Sometimes the pursuit of civility can be more potent than the wielding of raw power. On Monday morning, Lieutenant Governor Dan Patrick made moves to blow up a long-standing Senate tradition—the three-fifths rule—in order to pass his top legislative priority, property tax reform. But in a dramatic turn of events, his Republican nemesis, Senator Kel Seliger, of Amarillo, preempted the move by simultaneously giving Patrick his property tax bill and preserving the three-fifths rule. At the end of the day, Patrick got what he wanted, but Seliger, in an eleven-minute speech, offered an implicit indictment of Patrick’s bullying, ideological governing style that may well overshadow the victory… at least for now.

“There are a lot of people in this room who very well understand politics and the possession and use of power,” Seliger said. “It is implicit in the legislative process. I’m afraid, though, that what we don’t often talk about is … statesmanship. What can we do to ensure that our discourse and our disagreement, however contentious, is marked [by] more than intensity and more than criticism? It’s statesmanship—a regard for other people’s ideas.”

One of the few remaining moderate Republicans in the Senate, Seliger has clashed with Patrick all session, particularly after the lieutenant governor stripped him of key committee assignments. For weeks, Seliger has denied Patrick his vote on Senate Bill 2, the property tax legislation that Patrick so desperately wants. Seliger’s vote was key: under a long-standing tradition, the Senate requires a three-fifths majority, or nineteen senators, to take up debate on legislation. With nineteen Republicans in the Senate, Patrick can’t afford to lose a single one for any bill that falls along purely partisan lines. So, last week, Patrick warned that he would use the so-called nuclear option on Monday to circumvent the three-fifths rule. A simple majority would’ve been needed to pass SB 2.

What Seliger did surprised many: he decided to vote for SB 2 under the normal rules, giving Patrick his three-fifths majority. The Amarillo Republican explained in his impassioned speech that he did so because he believed the bill would’ve passed regardless and he felt it was more important to preserve the Senate’s catalyst for comity and bipartisanship.

“A very well-known officeholder [once] said the Texas Senate is the most deliberative, organized body that there is, and when we contemplate something like doing away with the nineteen-vote rule, we are not,” Seliger said. “We are partisan and we are divisive … what makes us any different from Washington, D.C., and whatever states do that sort of thing?”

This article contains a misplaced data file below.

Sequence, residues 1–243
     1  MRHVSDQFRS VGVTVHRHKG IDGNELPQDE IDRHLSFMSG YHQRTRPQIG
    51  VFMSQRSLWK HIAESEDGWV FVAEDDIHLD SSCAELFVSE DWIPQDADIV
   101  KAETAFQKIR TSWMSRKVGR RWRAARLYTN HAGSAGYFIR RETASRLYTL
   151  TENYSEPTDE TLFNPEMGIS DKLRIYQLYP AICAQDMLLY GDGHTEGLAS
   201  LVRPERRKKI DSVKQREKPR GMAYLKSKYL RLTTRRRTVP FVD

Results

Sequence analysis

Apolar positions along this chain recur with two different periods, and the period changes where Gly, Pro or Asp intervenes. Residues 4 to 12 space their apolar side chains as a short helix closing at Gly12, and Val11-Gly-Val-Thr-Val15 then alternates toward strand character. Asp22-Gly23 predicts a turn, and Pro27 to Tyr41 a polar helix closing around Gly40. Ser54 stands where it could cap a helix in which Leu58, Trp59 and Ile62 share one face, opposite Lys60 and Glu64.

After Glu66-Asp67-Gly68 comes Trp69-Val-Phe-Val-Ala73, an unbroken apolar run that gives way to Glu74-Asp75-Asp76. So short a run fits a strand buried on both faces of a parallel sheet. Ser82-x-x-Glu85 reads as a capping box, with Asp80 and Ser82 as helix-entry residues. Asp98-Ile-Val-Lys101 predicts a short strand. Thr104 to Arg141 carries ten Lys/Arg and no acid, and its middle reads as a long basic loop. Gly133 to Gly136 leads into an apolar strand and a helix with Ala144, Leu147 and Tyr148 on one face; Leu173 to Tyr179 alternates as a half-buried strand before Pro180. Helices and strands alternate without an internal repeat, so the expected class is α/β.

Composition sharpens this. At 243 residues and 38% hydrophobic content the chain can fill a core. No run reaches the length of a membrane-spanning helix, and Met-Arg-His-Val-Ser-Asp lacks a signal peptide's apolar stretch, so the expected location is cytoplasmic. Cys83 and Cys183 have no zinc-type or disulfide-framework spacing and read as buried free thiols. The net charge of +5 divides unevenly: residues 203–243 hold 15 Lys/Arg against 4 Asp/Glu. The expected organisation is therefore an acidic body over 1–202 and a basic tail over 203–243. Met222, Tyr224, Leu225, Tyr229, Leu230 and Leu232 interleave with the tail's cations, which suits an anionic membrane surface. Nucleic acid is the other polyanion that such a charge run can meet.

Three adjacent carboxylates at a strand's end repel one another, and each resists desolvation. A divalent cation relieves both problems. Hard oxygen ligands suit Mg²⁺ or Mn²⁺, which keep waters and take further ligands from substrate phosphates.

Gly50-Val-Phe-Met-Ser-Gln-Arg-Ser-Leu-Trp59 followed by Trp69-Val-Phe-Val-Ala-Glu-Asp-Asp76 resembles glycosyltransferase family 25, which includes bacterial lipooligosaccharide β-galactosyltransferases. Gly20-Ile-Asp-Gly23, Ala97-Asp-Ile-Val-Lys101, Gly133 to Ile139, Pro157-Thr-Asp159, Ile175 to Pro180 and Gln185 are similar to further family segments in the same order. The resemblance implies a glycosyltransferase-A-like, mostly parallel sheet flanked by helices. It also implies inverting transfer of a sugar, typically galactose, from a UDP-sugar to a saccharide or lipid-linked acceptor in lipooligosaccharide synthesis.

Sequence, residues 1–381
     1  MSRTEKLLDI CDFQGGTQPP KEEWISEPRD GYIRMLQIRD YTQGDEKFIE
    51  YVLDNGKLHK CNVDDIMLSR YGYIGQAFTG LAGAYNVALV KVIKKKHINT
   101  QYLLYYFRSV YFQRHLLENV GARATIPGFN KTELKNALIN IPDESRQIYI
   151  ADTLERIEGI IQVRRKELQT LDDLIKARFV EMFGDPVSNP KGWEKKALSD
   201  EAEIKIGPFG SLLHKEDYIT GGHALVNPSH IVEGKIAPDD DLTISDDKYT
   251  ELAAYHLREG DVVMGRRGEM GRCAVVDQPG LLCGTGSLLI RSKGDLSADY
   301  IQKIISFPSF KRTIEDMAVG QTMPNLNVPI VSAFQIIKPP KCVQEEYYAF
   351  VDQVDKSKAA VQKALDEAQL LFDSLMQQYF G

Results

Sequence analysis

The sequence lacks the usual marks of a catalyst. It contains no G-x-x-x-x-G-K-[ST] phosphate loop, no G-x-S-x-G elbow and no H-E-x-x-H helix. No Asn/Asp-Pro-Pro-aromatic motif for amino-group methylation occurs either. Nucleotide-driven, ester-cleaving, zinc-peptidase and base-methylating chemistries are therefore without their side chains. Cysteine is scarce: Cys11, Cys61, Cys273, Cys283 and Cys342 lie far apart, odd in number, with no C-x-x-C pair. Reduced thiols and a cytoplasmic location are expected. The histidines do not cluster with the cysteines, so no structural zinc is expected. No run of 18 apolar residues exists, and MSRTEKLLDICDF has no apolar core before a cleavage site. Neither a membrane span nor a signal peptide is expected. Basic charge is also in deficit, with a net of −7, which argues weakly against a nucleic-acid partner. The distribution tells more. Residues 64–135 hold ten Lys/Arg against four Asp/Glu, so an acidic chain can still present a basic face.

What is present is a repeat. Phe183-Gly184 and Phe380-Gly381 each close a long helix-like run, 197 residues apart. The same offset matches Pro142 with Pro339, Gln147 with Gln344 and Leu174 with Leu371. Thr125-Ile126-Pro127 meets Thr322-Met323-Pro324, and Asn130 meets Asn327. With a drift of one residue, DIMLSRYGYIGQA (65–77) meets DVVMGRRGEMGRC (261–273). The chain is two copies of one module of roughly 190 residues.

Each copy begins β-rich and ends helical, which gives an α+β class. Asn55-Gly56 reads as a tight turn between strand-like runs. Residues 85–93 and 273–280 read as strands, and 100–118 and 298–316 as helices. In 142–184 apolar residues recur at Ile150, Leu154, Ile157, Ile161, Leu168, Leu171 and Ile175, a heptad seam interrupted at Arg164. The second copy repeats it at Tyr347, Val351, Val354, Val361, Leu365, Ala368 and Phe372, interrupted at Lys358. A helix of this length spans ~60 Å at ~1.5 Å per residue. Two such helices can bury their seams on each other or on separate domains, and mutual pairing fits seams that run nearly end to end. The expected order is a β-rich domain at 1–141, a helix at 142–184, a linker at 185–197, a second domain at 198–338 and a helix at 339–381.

Seliger said Patrick and his allies had unfairly characterized critics of SB 2 as being insufficiently supportive of property tax reform. “It’s a lie,” the former mayor declared. “We should all be [concerned] because we all have constituents who own homes and businesses. It seems like people would be surprised to find out today that Democrats in this body also have constituents who own homes. They own businesses. And they are concerned about taxes as anyone else.” Seliger went on: “I was afraid that what we were going to prove today, that what is important is not the ideas and the tone of discourse on those ideas. It’s power—the thing that most surely would polarize a body even if it otherwise inclined to be deliberative.”

Later Monday, Seliger told reporters that he had determined over the weekend that Patrick was going to get his legislative victory, even if it came at the cost of the reputation of the Senate. “It would have painted us all,” he said of Patrick using the nuclear option.

It’s worth, however, thinking about Monday’s events from a different perspective—that of Dan Patrick and his base. Patrick has been promising on conservative talk radio and elsewhere that he will get property tax reform passed, one way or the other. The means don’t matter all that much. And he was clearly willing to go pretty far to deliver it; he was willing to risk the wrath of those who cherish the Senate’s process in order to get it done. But at the end of the day, not only had he passed Senate Bill 2, he’d also avoided having to exercise the “nuclear option.” Some might see that as a win-win for Dan Patrick.

Seliger seemed to address this as he closed his speech. He said his actions were about the long term, not just the partisan political victories of the moment.

“I’m voting for the Texas Senate, for our traditions and the reputation that we have as a deliberative body, with the thought that we don’t have that reputation” just because of the past, he said. “We will have that reputation because, going forward, we deserve it.”